“Long Covid” (or “post-Covid-19 syndrome”) is a condition where people who have contracted Covid-19 continue to experience symptoms for weeks or even months after their initial infection. It affects individuals differently, and symptoms can range from fatigue, headaches, loss of taste or smell, lasting fever or anxiety, to respiratory difficulties, muscle weakness, blood clots and even organ damage.
The Office for National Statistics in the UK reported in April 2021 that an estimated 1.1 million people in the UK had symptoms associated with long Covid, with over two-thirds of these individuals having had (or suspected to have had) Covid-19 at least 12 weeks earlier. Furthermore, an estimated 674,000 people reported that their symptoms negatively impacted on their ability to undertake their day-to-day activities.
This high prevalence of long Covid is creating challenges for employers: there is a potential increase in employees on long-term sick leave; and added difficulties in facilitating employees’ return to work programmes given symptoms can vary and fluctuate over time. It is a good idea to review any polices around sickness absence and return to work plans to ensure that they are fit for purpose and provide a degree of flexibility to address individual experiences with long Covid. Employers may consider monitoring sickness absences to identify any employees who may be suffering from long Covid. Such employees may benefit from an assessment by occupational health or a referral to employee assistance programmes. Employers should speak with employees who are diagnosed with long Covid to understand how the illness is affecting them and the impact it may be having on their work, and what support the employer can provide. Employers should also review the makeup of their workforce and identify any gaps in skillsets that might be exacerbated by long-term absences.
Employers also need to be aware that employees who are suffering from long Covid may be considered as having a disability under the Equality Act 2010, depending on the severity and duration of the symptoms. For long Covid to qualify as a disability, the employee will need to show that the condition has a long-term negative effect on their ability to carry out day-to-day activities. Long-term means 12 months or longer and, given the long-term impact of Covid-19 is still largely unknown, this is currently difficult to prove in respect of long Covid. If long Covid were to be classed as a disability under the Equality Act, and an employer were to treat an employee with long Covid less favourably because, for example, they are unable to fulfil the requirements of the role or have had long periods of sickness absence, such treatment could amount to disability discrimination (for which damages are uncapped). Employers also have an obligation to consider what reasonable adjustments can be made to alleviate any difficulties a disabled employee may be experiencing. For employees with long Covid, this could include, for example, changing the type of work or working hours to provide time to rest and recover throughout the day or allowing employees to continue working from home after lockdown restrictions have been lifted.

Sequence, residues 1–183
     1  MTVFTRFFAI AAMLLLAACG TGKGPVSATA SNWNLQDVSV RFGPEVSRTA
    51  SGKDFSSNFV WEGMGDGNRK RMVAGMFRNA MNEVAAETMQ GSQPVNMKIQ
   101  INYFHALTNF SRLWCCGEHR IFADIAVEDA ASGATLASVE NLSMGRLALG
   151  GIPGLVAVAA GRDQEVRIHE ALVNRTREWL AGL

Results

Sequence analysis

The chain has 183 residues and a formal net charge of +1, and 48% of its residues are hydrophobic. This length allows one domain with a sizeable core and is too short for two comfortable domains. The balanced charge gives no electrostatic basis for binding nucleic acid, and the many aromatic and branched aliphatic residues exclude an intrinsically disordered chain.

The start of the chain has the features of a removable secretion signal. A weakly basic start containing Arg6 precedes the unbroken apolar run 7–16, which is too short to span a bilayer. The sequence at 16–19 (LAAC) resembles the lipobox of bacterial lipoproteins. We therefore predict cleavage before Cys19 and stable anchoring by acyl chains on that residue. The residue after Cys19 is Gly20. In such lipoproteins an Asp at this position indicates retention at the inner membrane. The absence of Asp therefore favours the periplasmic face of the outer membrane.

As well as disability discrimination, potential claims could arise in relation to other protected characteristics. Research has found that long Covid more severely effects older people, people with other pre-existing conditions (such as asthma), ethnic minorities and women. Employers must therefore take care to avoid claims of sex, age or race discrimination.
While there is still more to learn regarding the symptoms and impact of long Covid, employers can be taking steps to review their absence management policies and checking the terms of any permanent health insurance policies to confirm whether employees with long Covid will be covered.